In the latest instance of what has become a regular occurrence, many members of the House of Representatives have requested more information regarding the security of America’s electoral system.
The latest case has representatives from 18 of the 21 states whose elections were purportedly targeted by Russia asking House Speaker Paul Ryan (R-Wisc.) in a letter for a full briefing to be delivered to Congress by the Department of Homeland Security and the FBI and for him to direct the proper Congressional committees to investigate the attack.
“When a sovereign nation attempts to meddle in our elections, it is an attack on our country,” the letter stated.
The representatives listed a litany of reasons why the lawmakers believe such a briefing and extensive investigation is needed, including researchers’ hacking of voting machine technology at DEF CON last summer, breaches of voter registration databases and voter records, and the fact that 20 percent of voting takes place on machines that lack a paper backup.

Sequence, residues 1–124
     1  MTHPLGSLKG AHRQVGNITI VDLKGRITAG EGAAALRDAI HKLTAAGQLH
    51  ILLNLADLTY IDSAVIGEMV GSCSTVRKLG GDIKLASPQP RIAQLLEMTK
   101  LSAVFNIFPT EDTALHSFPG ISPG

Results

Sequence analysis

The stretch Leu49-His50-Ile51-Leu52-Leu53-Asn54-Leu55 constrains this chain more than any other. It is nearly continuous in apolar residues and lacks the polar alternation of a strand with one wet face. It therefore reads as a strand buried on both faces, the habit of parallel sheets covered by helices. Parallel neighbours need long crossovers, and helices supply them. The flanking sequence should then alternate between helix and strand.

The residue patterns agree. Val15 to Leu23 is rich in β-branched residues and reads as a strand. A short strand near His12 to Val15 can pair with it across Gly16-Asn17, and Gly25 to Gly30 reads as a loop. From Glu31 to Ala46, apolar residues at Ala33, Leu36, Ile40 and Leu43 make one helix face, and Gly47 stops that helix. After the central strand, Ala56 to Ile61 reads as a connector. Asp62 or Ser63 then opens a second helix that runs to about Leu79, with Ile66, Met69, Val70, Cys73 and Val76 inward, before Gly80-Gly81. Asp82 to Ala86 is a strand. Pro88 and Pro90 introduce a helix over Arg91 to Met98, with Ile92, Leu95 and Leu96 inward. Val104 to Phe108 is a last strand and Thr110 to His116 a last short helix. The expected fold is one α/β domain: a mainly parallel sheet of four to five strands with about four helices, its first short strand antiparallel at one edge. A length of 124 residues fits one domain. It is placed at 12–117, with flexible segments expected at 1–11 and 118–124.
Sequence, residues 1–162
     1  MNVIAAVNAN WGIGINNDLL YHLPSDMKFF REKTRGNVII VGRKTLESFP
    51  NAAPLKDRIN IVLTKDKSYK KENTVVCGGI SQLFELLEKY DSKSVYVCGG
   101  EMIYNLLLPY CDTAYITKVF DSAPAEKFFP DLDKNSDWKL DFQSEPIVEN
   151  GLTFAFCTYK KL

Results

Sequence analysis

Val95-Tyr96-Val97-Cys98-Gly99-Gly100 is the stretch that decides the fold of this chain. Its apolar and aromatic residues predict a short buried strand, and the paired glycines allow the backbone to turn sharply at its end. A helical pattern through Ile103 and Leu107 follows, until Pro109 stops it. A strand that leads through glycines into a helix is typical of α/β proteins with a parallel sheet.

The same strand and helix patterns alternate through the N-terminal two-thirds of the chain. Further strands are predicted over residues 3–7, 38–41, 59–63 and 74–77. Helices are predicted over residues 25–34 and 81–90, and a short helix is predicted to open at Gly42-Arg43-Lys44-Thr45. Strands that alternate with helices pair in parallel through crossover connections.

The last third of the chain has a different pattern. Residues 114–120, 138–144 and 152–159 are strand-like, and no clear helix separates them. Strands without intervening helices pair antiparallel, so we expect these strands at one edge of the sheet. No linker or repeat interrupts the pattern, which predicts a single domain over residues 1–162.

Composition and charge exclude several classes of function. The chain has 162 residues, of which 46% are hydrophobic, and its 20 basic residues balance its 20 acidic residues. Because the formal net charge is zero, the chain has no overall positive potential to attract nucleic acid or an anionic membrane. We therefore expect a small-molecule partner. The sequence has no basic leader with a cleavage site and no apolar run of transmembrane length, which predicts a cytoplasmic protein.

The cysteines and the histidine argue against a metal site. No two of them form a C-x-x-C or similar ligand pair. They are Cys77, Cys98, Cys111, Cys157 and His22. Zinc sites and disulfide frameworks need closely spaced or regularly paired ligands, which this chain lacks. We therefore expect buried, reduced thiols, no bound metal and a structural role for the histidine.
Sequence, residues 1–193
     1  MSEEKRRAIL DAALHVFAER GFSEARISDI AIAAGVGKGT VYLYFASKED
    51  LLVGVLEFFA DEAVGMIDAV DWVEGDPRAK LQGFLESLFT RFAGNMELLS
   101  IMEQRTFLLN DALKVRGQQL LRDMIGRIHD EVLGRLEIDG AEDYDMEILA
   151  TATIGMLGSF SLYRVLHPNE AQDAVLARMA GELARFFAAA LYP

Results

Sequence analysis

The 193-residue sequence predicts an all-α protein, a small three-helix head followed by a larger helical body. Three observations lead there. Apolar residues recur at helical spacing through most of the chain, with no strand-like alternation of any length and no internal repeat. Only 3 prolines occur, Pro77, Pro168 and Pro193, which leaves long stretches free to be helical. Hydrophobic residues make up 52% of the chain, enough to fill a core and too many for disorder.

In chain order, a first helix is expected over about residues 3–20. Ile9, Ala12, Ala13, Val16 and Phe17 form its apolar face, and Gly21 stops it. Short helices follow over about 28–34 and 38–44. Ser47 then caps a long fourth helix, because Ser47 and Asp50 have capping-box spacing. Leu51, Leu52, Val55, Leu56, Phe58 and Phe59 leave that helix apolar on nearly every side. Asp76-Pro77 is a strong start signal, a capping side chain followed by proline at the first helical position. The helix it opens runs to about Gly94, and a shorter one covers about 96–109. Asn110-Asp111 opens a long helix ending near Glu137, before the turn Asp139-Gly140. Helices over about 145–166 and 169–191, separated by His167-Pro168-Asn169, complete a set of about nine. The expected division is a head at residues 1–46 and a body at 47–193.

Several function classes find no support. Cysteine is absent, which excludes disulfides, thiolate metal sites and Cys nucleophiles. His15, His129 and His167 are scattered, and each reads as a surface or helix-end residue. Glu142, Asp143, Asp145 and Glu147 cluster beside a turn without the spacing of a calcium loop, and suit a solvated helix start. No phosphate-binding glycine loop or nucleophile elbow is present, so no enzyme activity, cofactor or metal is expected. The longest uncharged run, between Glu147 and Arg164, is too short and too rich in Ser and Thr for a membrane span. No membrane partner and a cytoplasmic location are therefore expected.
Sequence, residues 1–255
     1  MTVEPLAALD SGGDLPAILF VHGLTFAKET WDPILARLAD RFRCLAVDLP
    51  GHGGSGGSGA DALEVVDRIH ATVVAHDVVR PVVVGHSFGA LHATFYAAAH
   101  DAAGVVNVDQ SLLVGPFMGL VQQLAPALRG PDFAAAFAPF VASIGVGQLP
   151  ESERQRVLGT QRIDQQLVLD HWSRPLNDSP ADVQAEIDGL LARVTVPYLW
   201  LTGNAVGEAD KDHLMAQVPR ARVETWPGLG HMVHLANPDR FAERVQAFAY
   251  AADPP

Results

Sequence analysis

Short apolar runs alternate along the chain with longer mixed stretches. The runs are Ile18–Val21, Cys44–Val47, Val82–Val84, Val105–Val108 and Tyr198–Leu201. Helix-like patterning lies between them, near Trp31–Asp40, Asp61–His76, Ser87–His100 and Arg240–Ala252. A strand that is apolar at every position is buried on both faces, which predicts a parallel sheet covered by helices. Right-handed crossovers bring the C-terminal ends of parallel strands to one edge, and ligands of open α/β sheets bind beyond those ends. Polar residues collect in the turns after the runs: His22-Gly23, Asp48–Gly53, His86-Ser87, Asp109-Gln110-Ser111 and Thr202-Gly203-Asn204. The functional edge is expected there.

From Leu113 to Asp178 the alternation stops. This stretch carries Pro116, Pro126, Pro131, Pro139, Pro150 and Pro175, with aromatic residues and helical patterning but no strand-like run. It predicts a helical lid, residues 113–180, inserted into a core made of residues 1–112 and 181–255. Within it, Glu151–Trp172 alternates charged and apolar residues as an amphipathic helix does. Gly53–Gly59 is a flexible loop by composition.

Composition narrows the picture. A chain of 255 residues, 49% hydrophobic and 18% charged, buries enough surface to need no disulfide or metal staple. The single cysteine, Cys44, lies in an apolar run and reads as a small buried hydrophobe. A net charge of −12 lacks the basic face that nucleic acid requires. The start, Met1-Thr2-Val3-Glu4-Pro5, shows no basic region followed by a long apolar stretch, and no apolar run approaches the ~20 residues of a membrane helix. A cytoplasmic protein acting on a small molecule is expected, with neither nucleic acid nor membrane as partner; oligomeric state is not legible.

“The attacks in 2016 were not a one-off occurrence. In March 2017, then-FBI Director James Comey testified before the house Permanent Select Committee on Intelligence that: ‘[T]hey’ll be back. They’ll be back in 2020. They may be back in 2018,’” the letter said.
While not directly tied to potential election hacking, an NBC News study found that past tweets sent from the accounts of known Russian trolls during the 2016 campaign typically coincided with major election news. Spikes in Twitter traffic were seen immediately after Donald Trump was declared the Republican nominee, the day after Hillary Clinton was tapped by the Democrats, and when she jumped ahead of Trump in the polls in late August. Even the terror bombing that took place in the Chelsea section of New York City in September 2016 elicited a bump in tweets.
The tweets were designed to generate fear and anger among Americans toward specific groups, such as Muslims, Ben Nimmo, a senior fellow at the Atlantic Council think tank, told NBC News.
NBC said it looked at 202,973 tweets from 454 of the 2,752 Twitter accounts identified by Congress as being Russian controlled.